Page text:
I am a 3rd-year economics PhD student at the University of Cambridge. My research interests include macroeconomic risk and uncertainty, monetary economics, and time series methods.

I am supervised by Chryssi Giannitsarou and Elisa Faraglia.

Contact information:

Faculty of Economics, Austin Robinson Building, Sidgwick Avenue,

Cambridge, CB3 9DD

ns751 [at] cam.ac.uk


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Research

The Downside Risk Channel of Monetary Policy

Winner of the Cambridge Finance Best Student Paper Award 2022

Winner of the IAAE Best PhD Student Paper 2022

Winner of the QCGBF Young Economist Prize 2022

Draft here.

Coverage: Faculty of Economics

Abstract. This paper proposes a new transmission channel of monetary policy shocks to equity premia: Monetary shocks can affect the probability of bad outcomes for future macroeconomic growth and hence support equity prices beyond any effect on expected mean growth rates. To document this channel, I estimate a monthly index of downside risks to consumption growth. Downside consumption risk rises during recessions and contains information distinct from measures of risk aversion, uncertainty, or financial stress. A loosening in the monetary policy stance can significantly affect consumption downside risks in crisis times but has weak effects during normal times. Increases in downside risk predict higher future equity returns, in line with the disaster risk hypothesis. Consumption downside risk predicts stock markets in the aggregate and across a wide range of industry portfolios. More procyclical industries have a higher sensitivity to changes in downside risk.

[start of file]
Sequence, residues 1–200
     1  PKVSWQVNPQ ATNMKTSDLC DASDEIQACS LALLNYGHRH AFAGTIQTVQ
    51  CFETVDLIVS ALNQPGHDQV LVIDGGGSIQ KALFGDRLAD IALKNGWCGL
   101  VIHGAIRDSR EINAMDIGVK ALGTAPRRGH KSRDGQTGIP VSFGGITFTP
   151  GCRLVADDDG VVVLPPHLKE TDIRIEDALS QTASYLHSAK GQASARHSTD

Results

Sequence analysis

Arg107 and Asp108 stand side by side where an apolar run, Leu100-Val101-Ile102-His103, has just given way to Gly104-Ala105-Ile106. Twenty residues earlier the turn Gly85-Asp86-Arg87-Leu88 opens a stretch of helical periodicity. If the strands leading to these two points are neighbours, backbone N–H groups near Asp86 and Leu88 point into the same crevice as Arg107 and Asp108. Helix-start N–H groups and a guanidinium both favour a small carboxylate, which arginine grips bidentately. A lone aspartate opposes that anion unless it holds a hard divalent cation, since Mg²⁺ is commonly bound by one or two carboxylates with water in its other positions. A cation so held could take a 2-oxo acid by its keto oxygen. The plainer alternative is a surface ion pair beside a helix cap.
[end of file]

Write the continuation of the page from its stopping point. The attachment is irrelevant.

Is the EU Money Market Fund Regulation fit for purpose? Lessons from the COVID-19 turmoil

(with Laura-Dona Capotă, Michael Grill, Luis Molestina Vivar, and Christian Weistroffer)

ECB Working Paper here.

Macroprudential Bulletin article here.

Abstract. The market turmoil in March 2020 highlighted key vulnerabilities in the EU money market fund (MMF) sector. This paper assesses the effectiveness of the EU’s regulatory framework from a financial stability perspective, based on a panel analysis of EU MMFs at a daily frequency. First, we find that investment in private debt assets exposes MMFs to liquidity risk. Second, we find that low volatility net asset value (LVNAV) funds, which invest in non-public debt assets while offering a stable NAV, face higher redemptions than other fund types. The risk of breaching the regulatory NAV limit may have incentivised outflows among some LVNAV investors in March 2020. Third, MMFs with lower levels of liquidity buffers use their buffers less than other funds, suggesting low levels of buffer usability in stress periods. Our findings suggest fragility in the EU MMF sector and call for a strengthened regulatory framework of private debt MMFs.